But when this song was really solidified as our own was not until 10 months later, when we went on a late honeymoon to Peru. For most of my adult life, I have wanted to hike the Inca Trail to Machu Picchu, and in May of 2010, we joined a group of Canadian and British tourists to do just that. 

The Inca Trail is a 4-day, 43 km hike at elevations significantly higher than those to which I am used. To put it into perspective, Ottawa sits at a lowly 70m above sea-level. Cusco, the beginning of the Inca Trail, sits at 3,400m. Machu Picchu itself is slightly lower at 2,400m. But during the hike, you climb to the highest point of 4,200m, known as Dead Woman's Pass. This is a long, windy, up-and-down kind of trek, and even though it does not require technical skills or specialized training to complete it, all who undertake it are warned of the possibility of altitude sickness. The locals implore you to chew coca leaves and drink coca tea to ward off its symptoms, but the real trick is to go slow and steady to give yourself time to adjust to the thinness of air at these heights.

But I am not your everyday Jane. I am a former bodybuilder. I am a runner. I have a resting heart rate of 60 bpm. I am one of the fittest people that I know. And I am also one of the most competitive. And although I have had a low-grade headache since landing in Cusco, I have armed myself with pocketfuls of coca leaves, a couple of litres of water, and am ready to hit the trail. Day 1 is a piece of cake. So on Day 2, as we begin to climb the infamous Dead Woman's Pass, I make up my mind that I will be first of our group to the top.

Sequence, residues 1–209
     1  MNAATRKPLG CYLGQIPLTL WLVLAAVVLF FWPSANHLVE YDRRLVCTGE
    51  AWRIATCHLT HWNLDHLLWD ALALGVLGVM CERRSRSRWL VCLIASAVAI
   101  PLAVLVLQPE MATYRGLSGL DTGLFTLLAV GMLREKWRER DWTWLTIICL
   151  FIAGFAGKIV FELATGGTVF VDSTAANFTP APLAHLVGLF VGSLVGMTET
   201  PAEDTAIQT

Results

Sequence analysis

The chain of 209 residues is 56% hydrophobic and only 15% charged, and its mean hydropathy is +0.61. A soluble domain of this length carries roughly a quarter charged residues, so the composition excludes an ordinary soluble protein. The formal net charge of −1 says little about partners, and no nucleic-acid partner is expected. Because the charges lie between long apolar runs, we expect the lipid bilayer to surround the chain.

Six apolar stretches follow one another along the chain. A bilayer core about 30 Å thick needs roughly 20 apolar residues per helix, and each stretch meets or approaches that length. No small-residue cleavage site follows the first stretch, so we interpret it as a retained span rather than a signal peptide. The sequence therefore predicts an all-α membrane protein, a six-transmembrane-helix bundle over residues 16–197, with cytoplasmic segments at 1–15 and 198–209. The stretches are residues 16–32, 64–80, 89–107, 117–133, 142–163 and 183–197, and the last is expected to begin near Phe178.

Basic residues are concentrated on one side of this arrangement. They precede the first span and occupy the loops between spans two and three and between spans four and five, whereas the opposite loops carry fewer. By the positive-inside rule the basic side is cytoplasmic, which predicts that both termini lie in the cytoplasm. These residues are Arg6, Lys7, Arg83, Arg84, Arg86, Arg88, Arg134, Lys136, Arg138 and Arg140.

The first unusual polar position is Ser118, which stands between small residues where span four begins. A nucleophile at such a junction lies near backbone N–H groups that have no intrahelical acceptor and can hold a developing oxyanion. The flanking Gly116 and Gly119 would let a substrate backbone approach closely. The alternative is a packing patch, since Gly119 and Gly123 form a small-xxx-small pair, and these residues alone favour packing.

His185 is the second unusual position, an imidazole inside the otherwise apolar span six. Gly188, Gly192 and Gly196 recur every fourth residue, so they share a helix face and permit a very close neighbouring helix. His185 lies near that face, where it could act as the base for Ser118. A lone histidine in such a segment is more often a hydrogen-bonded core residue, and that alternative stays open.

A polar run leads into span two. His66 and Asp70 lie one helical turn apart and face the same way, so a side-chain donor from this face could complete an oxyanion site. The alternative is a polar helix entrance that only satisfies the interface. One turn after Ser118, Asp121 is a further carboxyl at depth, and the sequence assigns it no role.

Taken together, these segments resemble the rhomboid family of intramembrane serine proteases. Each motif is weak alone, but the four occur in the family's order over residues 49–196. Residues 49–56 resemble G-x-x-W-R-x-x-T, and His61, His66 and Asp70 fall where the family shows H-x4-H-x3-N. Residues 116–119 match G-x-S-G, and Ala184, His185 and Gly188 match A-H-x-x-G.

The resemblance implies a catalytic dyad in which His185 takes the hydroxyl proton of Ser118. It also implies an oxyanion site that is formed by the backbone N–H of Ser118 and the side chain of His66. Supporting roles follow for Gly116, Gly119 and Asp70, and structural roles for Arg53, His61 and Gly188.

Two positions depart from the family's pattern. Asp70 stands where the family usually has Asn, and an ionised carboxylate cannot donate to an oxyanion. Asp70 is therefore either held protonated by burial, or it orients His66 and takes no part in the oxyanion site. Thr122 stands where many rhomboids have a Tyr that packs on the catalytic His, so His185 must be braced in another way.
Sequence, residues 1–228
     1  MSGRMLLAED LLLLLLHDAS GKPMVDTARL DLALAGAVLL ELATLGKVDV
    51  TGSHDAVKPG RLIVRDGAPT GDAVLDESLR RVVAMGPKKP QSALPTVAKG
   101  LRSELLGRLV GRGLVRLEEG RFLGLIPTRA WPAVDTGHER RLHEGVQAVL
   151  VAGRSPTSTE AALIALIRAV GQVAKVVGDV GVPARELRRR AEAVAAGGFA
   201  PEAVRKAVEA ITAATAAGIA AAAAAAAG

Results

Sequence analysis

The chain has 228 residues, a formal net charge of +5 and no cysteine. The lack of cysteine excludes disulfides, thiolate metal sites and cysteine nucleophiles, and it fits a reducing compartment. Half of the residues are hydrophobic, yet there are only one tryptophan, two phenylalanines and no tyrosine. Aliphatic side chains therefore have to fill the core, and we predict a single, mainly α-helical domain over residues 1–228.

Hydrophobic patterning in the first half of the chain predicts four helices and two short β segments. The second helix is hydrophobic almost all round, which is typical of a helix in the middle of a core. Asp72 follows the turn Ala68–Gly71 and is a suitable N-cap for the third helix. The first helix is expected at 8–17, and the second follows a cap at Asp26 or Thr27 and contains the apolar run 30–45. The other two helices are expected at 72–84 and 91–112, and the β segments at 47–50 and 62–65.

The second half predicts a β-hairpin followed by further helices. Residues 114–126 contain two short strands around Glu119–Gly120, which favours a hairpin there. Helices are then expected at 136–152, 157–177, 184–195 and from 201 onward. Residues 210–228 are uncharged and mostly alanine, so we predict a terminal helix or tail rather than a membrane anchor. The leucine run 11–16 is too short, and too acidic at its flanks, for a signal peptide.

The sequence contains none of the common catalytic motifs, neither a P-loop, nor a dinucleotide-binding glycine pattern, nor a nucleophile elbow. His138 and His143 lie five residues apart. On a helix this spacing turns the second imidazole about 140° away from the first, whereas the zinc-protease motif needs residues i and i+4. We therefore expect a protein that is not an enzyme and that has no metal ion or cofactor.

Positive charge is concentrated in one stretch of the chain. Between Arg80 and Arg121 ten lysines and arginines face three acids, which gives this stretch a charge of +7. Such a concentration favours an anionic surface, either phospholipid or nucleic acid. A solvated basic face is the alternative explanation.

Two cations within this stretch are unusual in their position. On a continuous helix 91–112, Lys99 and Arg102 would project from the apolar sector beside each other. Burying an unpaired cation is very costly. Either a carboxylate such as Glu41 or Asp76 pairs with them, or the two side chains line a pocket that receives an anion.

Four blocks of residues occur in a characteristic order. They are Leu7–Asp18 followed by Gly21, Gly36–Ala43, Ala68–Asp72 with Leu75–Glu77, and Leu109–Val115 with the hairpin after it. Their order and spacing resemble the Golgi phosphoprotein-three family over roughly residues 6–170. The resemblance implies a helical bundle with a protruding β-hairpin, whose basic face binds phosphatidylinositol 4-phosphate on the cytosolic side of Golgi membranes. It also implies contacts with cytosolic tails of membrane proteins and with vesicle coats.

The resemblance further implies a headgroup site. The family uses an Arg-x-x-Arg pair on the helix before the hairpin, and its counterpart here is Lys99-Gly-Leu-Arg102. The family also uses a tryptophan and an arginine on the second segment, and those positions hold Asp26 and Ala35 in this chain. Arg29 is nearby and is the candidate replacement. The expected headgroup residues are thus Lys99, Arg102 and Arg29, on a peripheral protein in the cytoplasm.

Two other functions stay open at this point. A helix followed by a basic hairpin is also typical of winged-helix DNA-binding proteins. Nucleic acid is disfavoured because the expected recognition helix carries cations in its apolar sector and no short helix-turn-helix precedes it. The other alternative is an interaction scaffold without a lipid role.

I was not the first. I was the 3rd, hot on the heels of another couple in our group (but I am okay with being behind them because they have more experience than me, having just done Everest base camp a few months earlier). Hubby was 4th, just one step behind me. The view was spectacular. We stared out along that pass, proud of ourselves for our accomplishment and in awe of the view at 4,200m above sea level.

A little tired, but mostly ecstatic to be at the top of Dead Woman's Pass, 4,200m above sea level.
And then we started our descent. My low-grade headache turned into a pounding drum in my head. Despite sweating from a day of hard labouring, I started to feel cold. My heart started to rise up into my throat. And by the time we made it to camp half an hour later, I could barely stand upright. The head guide brought me straight to our tent and ordered me to lie down. He went for the first aid kit and started administering some kind of traditional remedy. To this day, I have no idea what it was. But I know that it did not work. Because within an hour, I was violently ill.

Altitude sickness.

There was nothing to do for me but to rest. And so I curled up in a ball inside of my sleeping bag - with a bucket strategically placed right outside the flap of my tent - and I tried my best to sleep. Nausea and the headache prevented me from getting more than an hour or so, and I'm sure I kept the whole camp awake with me that night as I paid the price for climbing Dead Woman's Pass too quickly.